Gateway Gazette

Students Helping Students: Peer Mentoring Spells Success for Inner-City Kids

School of Public Health initiative gives students in Edmonton’s 118 Avenue corridor a head start on success.

By Katie Willis, U of A

Students from Highlands Junior High and Montrose Elementary School demonstrate indoor curling, part of the peer mentorship program between the schools.

Each week, the students meet to play games and learn about one another. The mentorship project promotes physical activity and healthy relationships—but most importantly, it helps to build a community amongst children in the 118 Avenue corridor in Edmonton.

This project is one of many for the Alberta Healthy Schools Community Wellness Fund (Wellness Fund), a joint initiative between the School of Public Health at the University of Alberta, Alberta Health and Alberta Education.

Recently, a media event was held at Highlands Junior High School to celebrate and showcase the impact the Wellness Fund is having on schools across Alberta. Elizabeth Coldbeck, project coordinator with the Wellness Fund, Nicole Goehring, MLA for Edmonton-Castledowns and representatives of the schools spoke about the importance of investing in comprehensive school health and the difference they see in students.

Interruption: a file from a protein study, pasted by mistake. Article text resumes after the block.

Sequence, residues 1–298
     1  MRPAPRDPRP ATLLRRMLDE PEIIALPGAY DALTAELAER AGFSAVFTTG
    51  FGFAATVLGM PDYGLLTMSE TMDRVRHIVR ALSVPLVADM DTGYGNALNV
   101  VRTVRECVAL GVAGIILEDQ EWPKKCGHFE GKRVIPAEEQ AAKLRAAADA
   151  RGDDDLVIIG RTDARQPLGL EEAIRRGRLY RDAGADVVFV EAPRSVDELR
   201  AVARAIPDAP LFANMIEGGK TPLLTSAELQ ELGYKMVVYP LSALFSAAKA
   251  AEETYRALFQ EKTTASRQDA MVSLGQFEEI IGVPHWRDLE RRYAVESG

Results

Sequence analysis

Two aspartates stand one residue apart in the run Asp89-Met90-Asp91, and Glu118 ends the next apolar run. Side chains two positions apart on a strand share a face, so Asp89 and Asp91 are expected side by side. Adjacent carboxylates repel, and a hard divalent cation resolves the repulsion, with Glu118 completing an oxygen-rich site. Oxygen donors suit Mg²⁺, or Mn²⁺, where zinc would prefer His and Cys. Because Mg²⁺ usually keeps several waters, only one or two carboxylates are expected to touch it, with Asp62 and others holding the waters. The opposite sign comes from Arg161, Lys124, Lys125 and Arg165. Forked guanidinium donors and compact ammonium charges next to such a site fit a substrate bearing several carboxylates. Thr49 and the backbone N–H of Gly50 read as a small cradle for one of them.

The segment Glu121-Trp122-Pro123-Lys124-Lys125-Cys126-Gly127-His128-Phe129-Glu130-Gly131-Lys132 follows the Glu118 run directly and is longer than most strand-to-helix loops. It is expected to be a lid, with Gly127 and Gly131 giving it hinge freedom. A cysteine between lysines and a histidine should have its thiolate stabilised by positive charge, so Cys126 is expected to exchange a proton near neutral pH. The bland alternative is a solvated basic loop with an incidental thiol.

The event concluded with students from Montrose and Highlands demonstrating one of the activities they’ve been learning together—indoor curling.

libbymeda300x200“For these students, the mentorship program creates a sense of belonging and connectedness. The impact? Students feel more valuable, supported and engaged,” explains Coldbeck.

In addition to the peer-mentoring program, Highlands Junior High School has received funding for a number of other wellness related projects, including a school garden, relationship development activities, exercise classes, as well as numerous stress management and self-care projects. For students, these initiatives make a world of difference.

“What I see changing most in the time I have had the privilege of being at Highlands School is that our students have discovered hope,” says Brad Burns, principal and educator at Highlands Junior High School.

“It does take the entire community to meet the needs of students and we see the results of this work every day as students come to school excited to learn.”

The Wellness Fund provides grants and facilitated support for projects like these across Alberta. These initiatives focus on healthy relationships and positive mental health, healthy food environments, active school communities and creating safe school communities. Grants range from $2,000 to $60,000 depending on the size and jurisdiction of the project. In 2015, the Wellness Fund approved 72 grants, 46 of which were at a jurisdictional level, across the province.

Provincial funding for the Wellness Fund has recently been renewed. The group will receive $7 million in funding from the Government of Alberta over the next three years.

UofA Logo.jpg

Related Articles

Leave a Reply